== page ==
“There was little solid evidence that Lockett killed her newborn. She was 16 when she delivered the baby in the toilet of the small house she shared in a Baconton housing project with her mother and seven siblings. The baby was later found dead in a ditch just outside the door.”
The medical examiner reported that it wasn’t possible to determine “within a reasonable degree of medical certainty [whether] the infant died of any intentional act.” That page of the medical examiner’s report, notes The Atlanta Constitution, was “missing when charges were filed.”
District Attorney J. Brown Moseley charged Denise Lockett with felony murder. Here is the crucial section of The Atlanta Constitution editorial:
“Grantham, Lockett’s court-appointed attorney, didn’t bother to mention the autopsy report or its missing page at the plea hearing. He didn’t mention Lockett’s retardation. He just recommended that she plead guilty to voluntary manslaughter and asked the judge to allow her to spend part of her sentence on probation. Instead, in September 1997, the judge locked her away for 20 years.”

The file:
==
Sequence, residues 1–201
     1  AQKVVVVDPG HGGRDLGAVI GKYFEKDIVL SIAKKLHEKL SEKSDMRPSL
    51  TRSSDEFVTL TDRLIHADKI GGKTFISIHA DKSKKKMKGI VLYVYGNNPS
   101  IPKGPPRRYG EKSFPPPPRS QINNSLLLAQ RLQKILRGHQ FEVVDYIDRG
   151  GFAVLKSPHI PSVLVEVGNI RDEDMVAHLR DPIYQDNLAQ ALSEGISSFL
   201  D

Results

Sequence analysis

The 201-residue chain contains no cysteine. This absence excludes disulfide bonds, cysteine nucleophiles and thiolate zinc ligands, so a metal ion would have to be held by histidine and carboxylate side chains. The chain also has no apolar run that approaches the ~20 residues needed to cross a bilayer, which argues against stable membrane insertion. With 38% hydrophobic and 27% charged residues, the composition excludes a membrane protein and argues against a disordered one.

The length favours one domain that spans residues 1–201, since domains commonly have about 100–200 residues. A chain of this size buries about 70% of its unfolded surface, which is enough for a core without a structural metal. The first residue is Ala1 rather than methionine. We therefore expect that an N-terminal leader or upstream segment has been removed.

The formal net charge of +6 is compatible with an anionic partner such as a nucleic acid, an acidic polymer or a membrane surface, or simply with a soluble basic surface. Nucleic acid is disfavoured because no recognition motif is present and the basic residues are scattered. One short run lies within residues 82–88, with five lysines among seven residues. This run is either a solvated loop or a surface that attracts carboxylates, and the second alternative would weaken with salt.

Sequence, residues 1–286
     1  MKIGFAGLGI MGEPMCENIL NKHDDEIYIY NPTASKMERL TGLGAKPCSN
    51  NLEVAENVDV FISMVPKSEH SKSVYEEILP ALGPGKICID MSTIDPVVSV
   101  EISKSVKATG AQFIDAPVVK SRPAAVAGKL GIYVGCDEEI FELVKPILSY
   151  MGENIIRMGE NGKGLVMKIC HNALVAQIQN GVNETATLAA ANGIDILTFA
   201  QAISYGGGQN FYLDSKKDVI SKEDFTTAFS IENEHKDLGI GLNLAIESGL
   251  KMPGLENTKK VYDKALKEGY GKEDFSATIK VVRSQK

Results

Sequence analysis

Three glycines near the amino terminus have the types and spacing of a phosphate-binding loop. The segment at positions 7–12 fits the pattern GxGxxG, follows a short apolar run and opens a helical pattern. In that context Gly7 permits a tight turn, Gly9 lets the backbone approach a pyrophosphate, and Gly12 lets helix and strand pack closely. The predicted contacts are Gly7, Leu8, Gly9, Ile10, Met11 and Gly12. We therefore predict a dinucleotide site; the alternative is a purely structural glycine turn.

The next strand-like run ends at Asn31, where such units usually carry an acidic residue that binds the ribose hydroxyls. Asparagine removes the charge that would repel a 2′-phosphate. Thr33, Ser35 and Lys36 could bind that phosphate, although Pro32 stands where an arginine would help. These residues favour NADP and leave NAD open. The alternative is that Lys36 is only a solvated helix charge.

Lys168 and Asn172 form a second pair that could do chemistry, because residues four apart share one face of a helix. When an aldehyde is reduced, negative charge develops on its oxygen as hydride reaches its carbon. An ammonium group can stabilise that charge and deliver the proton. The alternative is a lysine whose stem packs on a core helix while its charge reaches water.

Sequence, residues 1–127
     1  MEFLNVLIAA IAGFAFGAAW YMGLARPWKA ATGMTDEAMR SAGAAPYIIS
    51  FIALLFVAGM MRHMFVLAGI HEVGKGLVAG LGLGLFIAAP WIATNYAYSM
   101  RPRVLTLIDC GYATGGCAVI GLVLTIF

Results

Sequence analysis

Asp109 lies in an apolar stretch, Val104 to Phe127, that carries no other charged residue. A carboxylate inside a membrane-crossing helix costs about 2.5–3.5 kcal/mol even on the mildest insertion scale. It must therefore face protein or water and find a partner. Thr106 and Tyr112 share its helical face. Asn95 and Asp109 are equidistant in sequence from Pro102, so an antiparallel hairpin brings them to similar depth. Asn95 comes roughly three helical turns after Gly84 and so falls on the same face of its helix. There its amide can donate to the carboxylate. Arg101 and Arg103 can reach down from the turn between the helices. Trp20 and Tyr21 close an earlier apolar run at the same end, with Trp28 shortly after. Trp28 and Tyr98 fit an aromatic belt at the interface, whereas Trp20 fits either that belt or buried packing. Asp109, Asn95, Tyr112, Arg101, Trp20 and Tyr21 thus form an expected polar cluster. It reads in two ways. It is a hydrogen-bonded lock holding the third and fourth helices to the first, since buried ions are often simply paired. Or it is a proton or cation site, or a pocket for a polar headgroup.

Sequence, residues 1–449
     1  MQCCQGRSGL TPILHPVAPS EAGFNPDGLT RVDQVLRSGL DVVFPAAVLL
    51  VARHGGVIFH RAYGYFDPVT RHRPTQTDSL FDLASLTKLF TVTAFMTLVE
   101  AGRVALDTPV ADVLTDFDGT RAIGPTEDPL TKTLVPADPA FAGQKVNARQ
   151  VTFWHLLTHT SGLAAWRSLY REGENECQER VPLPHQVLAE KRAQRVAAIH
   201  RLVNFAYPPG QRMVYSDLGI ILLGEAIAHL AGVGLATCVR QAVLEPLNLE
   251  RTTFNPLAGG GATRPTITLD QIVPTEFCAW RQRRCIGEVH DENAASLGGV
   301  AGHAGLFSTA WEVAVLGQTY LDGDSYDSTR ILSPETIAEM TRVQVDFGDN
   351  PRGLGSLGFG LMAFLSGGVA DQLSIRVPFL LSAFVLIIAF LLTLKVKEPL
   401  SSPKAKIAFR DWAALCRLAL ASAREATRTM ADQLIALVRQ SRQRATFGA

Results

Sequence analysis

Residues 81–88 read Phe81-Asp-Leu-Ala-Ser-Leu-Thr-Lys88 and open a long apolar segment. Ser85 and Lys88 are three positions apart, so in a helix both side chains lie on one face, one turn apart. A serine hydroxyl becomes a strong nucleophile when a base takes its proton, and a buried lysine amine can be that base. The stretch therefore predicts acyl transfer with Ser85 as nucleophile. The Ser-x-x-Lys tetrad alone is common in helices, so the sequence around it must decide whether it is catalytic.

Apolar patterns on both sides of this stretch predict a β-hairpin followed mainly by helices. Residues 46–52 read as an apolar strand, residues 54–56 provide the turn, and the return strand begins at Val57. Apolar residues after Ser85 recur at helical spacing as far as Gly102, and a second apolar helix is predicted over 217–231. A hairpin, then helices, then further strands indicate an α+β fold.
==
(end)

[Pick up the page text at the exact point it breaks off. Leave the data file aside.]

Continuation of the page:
The editorial pointed out—with regard to the constitutional guarantee of “equal protection of the laws”—that Amy Grossberg, “whose dead baby was found in a trash bin outside the motel where she and her boyfriend delivered it,” had a first-rate private attorney when tried in Delaware, “was released after two years detention,” and is “serving the rest of her 10-year sentence for manslaughter on probation.”
What the hell can the Constitution possibly mean to Denise Lockett, who has an IQ of 62 and no idea why she is in a prison cell? Her court-appointed attorney, together with another lawyer, Ernie Sheffield, “handled more than 650 felony cases . . . in the South Georgia Circuit last year,” reports The Atlanta Constitution.
The editorial ends: “The kind of justice poor defendants get is nothing short of a crime.” That’s the case in this city too, as Rudy Giuliani keeps weakening the Legal Aid Society.
This article from the Village Voice Archive was posted on October 9, 2001